Erected by noted Underground Railroad activist Levi Coffin as a residence for him and his wife Catherine, this Federal house sheltered upwards of 100 runaway slaves a year. The Coffins were members of the Religious Society of Friends (Quakers), which held a strong stance against slavery. Many Quaker families relocated from the South to Indiana and other northern states during the 1820s, seeking a new life that was not enmeshed in the slave-based economy. Levi and Catherine, along with much of their extended family, moved from North Carolina to Newport (now Fountain City), Indiana, in 1826. Upon arriving in Newport, Levi opened a general store, which supported his family and their efforts in the Underground Railroad. Constructed in 1839, this house was the Coffins’ third and final residence in Newport. Although Indiana was a free state, the state’s fugitive slave laws meant the Coffins could have been arrested for assisting runaway slaves. Those visiting the Coffin House arrived in Newport via Madison or Jeffersonville, Indiana, or Cincinnati, Ohio, and may have spent a night or two before continuing their journey north.
The two-story brick structure is five bays wide with an L-shaped plan. On the west elevation, the front facade faces Main Cross Street, now U.S. Route 27. The strong, symmetrical proportions of the facade are centered on a single entry door topped with a four-light fixed transom. The doorway is flanked on each side by two single, six-over-six wood sashes; the second story features five single, six-over-six wood sashes. Two brick chimneys rise above the ridge of the standing-seam tin roof. The ell of the house is also of brick and includes similar six-over-six wood sashes with one entry door.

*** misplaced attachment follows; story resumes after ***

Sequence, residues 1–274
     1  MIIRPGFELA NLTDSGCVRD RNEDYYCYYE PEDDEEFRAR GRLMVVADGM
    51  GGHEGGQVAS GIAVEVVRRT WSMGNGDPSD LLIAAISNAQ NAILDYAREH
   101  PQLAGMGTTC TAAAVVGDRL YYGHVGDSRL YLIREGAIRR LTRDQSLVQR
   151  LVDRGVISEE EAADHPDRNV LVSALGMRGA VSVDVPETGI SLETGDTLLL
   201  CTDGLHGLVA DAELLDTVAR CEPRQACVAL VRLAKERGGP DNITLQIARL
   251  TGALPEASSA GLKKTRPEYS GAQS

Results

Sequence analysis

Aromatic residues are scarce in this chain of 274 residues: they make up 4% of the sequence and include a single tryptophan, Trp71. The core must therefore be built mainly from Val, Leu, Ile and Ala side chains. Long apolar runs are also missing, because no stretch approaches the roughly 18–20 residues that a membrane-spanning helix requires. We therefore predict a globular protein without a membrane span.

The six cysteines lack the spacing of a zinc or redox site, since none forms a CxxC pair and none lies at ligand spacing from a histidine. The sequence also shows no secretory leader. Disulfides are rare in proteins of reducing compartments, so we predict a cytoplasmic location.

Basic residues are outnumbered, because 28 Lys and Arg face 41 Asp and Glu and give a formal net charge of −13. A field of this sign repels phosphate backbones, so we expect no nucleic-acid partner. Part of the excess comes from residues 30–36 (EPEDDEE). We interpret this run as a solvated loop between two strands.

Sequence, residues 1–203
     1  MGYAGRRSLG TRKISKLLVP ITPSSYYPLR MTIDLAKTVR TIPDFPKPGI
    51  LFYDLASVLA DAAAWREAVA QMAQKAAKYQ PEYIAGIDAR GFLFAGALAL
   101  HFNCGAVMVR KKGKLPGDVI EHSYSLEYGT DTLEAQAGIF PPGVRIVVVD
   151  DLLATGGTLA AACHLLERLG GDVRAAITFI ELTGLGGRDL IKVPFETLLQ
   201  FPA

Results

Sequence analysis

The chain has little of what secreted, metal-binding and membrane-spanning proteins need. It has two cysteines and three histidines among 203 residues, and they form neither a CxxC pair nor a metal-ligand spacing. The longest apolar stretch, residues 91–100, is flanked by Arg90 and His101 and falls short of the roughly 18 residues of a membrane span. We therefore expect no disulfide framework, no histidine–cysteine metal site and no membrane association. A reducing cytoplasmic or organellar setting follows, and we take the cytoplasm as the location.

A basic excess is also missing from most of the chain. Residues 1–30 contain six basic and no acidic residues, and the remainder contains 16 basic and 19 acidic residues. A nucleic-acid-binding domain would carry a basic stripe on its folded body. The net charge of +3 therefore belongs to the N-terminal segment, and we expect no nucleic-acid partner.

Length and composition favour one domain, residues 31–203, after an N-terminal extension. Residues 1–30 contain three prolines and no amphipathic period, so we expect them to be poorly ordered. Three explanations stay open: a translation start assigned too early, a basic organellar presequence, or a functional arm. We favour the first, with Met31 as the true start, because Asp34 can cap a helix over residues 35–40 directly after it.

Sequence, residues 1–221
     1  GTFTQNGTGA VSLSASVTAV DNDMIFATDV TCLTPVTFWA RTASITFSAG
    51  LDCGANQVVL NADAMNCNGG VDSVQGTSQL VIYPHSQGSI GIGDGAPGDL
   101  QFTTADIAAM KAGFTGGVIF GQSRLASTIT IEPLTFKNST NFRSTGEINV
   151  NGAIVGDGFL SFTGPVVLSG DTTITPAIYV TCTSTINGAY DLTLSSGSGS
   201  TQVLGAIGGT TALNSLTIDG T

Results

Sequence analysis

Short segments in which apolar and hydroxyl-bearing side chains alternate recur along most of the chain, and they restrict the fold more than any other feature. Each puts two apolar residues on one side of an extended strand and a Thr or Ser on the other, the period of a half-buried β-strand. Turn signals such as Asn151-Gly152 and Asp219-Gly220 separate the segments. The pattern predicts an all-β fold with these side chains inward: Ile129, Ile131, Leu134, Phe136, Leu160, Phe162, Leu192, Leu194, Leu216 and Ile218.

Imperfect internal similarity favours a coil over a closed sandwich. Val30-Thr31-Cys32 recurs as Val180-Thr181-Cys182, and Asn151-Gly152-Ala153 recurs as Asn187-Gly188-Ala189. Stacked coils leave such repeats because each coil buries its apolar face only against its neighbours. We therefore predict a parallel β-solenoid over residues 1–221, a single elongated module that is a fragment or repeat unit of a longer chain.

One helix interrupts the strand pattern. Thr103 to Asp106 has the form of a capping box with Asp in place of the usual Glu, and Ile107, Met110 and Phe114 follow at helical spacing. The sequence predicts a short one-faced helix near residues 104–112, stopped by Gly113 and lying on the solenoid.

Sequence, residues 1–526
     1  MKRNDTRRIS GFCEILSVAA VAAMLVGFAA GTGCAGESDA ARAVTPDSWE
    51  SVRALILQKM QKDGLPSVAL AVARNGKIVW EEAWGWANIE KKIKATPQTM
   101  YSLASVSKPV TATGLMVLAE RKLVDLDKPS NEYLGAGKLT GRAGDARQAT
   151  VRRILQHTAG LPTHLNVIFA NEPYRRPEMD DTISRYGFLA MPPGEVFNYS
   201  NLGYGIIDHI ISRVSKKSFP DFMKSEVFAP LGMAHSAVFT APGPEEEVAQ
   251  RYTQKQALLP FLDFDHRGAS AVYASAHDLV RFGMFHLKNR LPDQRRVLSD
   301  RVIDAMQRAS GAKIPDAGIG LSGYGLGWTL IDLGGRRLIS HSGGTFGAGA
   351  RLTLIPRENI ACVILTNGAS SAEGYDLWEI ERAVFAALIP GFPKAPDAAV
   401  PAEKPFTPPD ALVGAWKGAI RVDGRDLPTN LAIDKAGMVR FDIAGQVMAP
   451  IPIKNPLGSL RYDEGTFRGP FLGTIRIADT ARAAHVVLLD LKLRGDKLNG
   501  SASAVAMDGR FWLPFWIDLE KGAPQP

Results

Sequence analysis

The interior retains its original floor plan and many Federal details. The kitchen and water well are found in the basement. The first floor includes a library, sitting room, and dining room, while the second floor includes three bedrooms. The Quaker lifestyle minimized ornamentation and excess, with the interior of the house reflecting this philosophy. Wood floors and classically inspired wood trim are common throughout the first and second floors. Wood fireplace mantels in the library, sitting room, and dining room all feature simple, classically influenced ornamentation. The sitting room mantel is flanked by two simple columns and is the most elaborate detail on the first floor.
The maid’s quarters on the second floor features a small side-attic or garret, which is referenced in Levi’s Reminiscences as a space in which to hide runaway slaves. The garret includes a wood panel door opening to a four-foot-wide space that runs the entire length of the room. By the time of the house’s construction, the Coffins had been assisting runaway slaves for several years. Although side-attics of this type were common in houses of the period, the Coffins may have planned this particular space for its use in hiding fugitive slaves from their pursuers.
Since 1970, the Levi Coffin House Association has restored the house to the period of the Coffins’ ownership (1839–1847) and continues to operate the property as a house museum. The site includes a barn similar to the one that was on the property, but was later moved here by the Levi Coffin House Association.
Coffin, Levi. Reminiscences of Levi Coffin, The Reputed President of the Underground Railroad. Cincinnati, OH: Robert Clarke and Company, 1880.
Jackson, Saundra, and Norma Jean Johnson. Interview by Allison Kenney and Raina Regan, March 19, 2010.